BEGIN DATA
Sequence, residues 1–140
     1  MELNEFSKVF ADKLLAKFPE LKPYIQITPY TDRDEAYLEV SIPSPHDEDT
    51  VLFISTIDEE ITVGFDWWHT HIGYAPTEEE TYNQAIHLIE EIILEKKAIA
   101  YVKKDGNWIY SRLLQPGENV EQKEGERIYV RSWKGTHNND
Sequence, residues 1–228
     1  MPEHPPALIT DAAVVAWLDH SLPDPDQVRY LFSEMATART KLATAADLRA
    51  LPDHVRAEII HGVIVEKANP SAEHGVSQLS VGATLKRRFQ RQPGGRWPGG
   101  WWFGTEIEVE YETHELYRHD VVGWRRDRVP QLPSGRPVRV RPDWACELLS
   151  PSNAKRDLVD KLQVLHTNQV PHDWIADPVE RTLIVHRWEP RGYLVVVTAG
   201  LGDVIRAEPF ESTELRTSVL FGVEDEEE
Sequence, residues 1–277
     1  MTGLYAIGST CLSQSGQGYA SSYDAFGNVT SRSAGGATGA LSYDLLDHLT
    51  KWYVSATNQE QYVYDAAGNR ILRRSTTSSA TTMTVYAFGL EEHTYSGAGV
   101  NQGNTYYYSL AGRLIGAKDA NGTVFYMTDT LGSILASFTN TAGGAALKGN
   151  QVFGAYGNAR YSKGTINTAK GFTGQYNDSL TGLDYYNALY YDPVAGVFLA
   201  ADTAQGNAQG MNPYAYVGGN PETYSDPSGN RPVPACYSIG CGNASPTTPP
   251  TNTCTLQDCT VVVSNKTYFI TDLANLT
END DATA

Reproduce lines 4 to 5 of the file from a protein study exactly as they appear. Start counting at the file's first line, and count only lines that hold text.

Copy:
   101  YVKKDGNWIY SRLLQPGENV EQKEGERIYV RSWKGTHNND
Sequence, residues 1–228